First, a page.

Abe vows to reform farming industry

Abe vows to reform farming industry
A farmer working in his field in Tokyo. Rules for Japan’s farm sector have been dubbed “rock hard” because of farmers’ resistance to change.

PRIME Minister Shinzo Abe has vowed to turn Japan's highly protected farm sector into a growth industry as part of reforms to revive the economy in a policy speech marking the start of his third year at the helm.

He also reiterated his government's resolve not to give in to terrorism, after two Japanese hostages were killed by Islamic State in Iraq and Syria (ISIS) militants, and hinted at stronger measures to protect Japanese nationals overseas.

In a speech delayed because of the hostage crisis, Mr Abe outlined a range of measures, from the revitalisation of local economies to empowering women, and pledged to achieve "the biggest-ever reforms in post-war Japan".

Emboldened by his party's landslide victory in last December's snap elections, he repeated the word "kaikaku" (which means reform in Japanese) 36 times.

Mr Abe devoted a major portion of his speech to agricultural reform, which he pointed out was being undertaken for the first time in 60 years.

Rules governing Japan's farm sector have been dubbed "rock hard" because they long defied attempts to overhaul them.

The smashing of these regulations has been touted as a centrepiece of Mr Abe's growth strategies.

Last week, the government succeeded in coaxing officials of the Central Union of Agricultural Cooperatives, or JA-Zenchu, to agree to changes that would strip the organisation of powers to audit and supervise regional cooperatives across the country.

Mr Abe says the reform will help increase farmers' incomes and open up overseas markets to enterprising farmers.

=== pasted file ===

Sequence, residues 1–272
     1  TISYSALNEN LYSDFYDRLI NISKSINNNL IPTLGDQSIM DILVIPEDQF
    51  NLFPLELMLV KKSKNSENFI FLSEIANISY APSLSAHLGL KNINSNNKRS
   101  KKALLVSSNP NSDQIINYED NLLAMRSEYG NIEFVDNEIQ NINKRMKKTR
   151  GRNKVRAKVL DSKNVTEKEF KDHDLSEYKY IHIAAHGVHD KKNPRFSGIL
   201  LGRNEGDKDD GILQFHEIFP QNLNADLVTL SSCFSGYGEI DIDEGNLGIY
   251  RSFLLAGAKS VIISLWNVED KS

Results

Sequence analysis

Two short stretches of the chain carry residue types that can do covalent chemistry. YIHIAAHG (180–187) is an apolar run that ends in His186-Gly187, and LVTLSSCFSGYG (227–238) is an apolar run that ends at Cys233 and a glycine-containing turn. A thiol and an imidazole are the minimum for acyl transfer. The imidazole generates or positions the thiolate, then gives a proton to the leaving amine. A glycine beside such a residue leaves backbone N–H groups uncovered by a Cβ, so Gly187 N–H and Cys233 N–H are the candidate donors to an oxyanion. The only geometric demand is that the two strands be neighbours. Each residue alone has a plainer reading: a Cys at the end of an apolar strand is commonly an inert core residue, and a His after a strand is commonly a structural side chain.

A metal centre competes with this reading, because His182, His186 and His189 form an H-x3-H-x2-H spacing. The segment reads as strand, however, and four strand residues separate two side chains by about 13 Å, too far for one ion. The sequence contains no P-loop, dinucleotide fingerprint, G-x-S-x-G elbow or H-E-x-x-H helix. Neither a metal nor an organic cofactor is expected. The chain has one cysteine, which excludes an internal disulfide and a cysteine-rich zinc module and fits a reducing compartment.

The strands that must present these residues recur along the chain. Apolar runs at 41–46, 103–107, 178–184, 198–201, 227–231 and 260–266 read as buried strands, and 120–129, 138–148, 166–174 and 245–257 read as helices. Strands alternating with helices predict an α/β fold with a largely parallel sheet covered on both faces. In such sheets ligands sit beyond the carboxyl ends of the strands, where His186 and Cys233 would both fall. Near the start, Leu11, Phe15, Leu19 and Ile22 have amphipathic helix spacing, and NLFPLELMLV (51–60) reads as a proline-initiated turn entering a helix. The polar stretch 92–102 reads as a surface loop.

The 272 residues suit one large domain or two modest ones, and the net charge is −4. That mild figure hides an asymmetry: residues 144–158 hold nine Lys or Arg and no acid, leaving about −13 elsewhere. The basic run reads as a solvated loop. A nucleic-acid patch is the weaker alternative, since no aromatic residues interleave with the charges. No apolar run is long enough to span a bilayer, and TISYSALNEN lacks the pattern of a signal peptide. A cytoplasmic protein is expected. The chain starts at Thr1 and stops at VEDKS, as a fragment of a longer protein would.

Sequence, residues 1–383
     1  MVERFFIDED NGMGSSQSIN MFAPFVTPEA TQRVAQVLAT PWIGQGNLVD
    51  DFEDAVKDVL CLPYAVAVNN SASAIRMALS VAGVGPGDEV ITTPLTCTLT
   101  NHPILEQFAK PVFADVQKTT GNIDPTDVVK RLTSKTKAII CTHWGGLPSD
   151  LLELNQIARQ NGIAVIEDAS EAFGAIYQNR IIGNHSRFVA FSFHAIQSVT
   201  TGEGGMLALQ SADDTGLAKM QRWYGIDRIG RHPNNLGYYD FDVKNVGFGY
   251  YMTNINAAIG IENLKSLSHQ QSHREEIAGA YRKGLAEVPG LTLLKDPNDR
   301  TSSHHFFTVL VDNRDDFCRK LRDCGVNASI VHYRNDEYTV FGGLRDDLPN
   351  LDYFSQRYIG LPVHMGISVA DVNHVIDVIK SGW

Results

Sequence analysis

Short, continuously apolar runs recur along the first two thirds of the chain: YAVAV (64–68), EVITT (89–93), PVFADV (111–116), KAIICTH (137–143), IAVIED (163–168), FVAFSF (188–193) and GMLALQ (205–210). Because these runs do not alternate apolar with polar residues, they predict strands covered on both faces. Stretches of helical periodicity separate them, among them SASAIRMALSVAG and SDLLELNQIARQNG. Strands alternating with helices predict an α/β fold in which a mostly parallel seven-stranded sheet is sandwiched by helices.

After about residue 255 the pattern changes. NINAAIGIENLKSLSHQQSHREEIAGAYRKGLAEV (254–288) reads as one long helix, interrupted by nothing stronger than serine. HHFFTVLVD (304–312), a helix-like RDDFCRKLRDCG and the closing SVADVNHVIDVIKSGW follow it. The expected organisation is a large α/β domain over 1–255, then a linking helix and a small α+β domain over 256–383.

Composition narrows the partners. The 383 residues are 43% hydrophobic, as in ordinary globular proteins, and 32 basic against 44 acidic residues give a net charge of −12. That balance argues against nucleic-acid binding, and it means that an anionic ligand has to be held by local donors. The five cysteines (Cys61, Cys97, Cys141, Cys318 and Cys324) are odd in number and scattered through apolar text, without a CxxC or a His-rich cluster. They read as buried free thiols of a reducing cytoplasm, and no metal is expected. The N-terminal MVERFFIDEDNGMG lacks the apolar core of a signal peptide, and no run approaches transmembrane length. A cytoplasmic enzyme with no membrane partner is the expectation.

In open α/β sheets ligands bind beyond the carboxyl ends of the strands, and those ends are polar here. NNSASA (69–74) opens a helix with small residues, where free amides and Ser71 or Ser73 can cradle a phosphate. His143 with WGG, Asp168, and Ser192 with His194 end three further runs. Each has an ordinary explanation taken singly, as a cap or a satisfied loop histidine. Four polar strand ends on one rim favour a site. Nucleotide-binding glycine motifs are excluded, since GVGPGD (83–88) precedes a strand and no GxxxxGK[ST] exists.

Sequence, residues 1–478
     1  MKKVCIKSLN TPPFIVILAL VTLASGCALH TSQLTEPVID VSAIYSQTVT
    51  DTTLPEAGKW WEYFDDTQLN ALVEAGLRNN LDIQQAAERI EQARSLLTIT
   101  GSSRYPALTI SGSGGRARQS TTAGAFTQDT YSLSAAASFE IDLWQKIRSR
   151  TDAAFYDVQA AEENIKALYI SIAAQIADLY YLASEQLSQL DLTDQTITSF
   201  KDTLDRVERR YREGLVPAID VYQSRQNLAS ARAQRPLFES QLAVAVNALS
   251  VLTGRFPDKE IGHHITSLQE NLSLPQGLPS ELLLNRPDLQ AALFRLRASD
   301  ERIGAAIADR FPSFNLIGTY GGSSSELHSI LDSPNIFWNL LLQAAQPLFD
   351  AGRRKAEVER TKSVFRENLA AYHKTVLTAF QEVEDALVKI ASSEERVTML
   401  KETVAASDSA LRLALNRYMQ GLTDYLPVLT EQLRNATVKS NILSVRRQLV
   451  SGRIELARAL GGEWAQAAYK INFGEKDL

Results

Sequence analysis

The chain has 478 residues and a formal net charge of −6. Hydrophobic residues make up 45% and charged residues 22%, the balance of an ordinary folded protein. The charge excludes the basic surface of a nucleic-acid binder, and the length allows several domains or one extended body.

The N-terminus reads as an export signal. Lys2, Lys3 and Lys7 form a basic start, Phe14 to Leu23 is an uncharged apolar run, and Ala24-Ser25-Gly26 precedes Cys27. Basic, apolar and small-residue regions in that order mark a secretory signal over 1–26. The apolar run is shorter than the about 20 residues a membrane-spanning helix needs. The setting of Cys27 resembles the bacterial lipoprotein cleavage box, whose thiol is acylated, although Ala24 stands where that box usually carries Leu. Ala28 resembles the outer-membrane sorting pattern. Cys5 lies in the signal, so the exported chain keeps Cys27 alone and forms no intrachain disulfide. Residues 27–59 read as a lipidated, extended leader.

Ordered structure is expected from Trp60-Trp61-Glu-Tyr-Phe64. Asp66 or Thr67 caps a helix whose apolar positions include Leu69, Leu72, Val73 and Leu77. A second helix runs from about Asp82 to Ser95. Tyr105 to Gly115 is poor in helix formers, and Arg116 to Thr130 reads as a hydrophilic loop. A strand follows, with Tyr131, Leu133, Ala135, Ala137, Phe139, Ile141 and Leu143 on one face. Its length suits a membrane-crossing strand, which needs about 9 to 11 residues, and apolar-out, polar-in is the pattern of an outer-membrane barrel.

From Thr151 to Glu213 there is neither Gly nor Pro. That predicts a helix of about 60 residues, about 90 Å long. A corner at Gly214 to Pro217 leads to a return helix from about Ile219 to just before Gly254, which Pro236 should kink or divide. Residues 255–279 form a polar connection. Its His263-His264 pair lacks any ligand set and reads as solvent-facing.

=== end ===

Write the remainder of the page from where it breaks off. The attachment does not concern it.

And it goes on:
But Mr Abe is believed to be seeking to weaken the powers of JA-Zenchu, which is firmly opposed to the liberalisation of the farming industry that is being pursued in Trans-Pacific Partnership (TPP) free trade talks with the United States.

Japanese farmers, already ageing and declining in numbers, fear stiff competition from cheap imports if the TPP is approved.

Mr Abe's reforms do not show how farmers can become more competitive.

In his speech, Mr Abe also claimed to have boosted employment and wages in the past two years through his Abenomics growth policies.

But in a recent survey by the Japan News Network, 49 per cent of respondents gave the thumbs down to Abenomics and 86 per cent did not feel the economy had improved.

Referring to threats by ISIS against Japan, he vowed to protect the Japanese at home and abroad and to continue providing humanitarian aid as Japan's contribution to the global war on terrorism.

Amid debate that Japan needs to be able to send troops overseas to evacuate its own nationals when necessary, Mr Abe hinted he may do just that.

"We aim to put into place a legal framework that will enable the government to seamlessly tackle all possible contingencies," he said in his speech.

The government is due to amend laws later this year to enable the Self Defence Force to go to the aid of a friendly country under attack, a move that critics say could pave the way for troops to be deployed overseas.


This article was first published on Feb 13, 2015.
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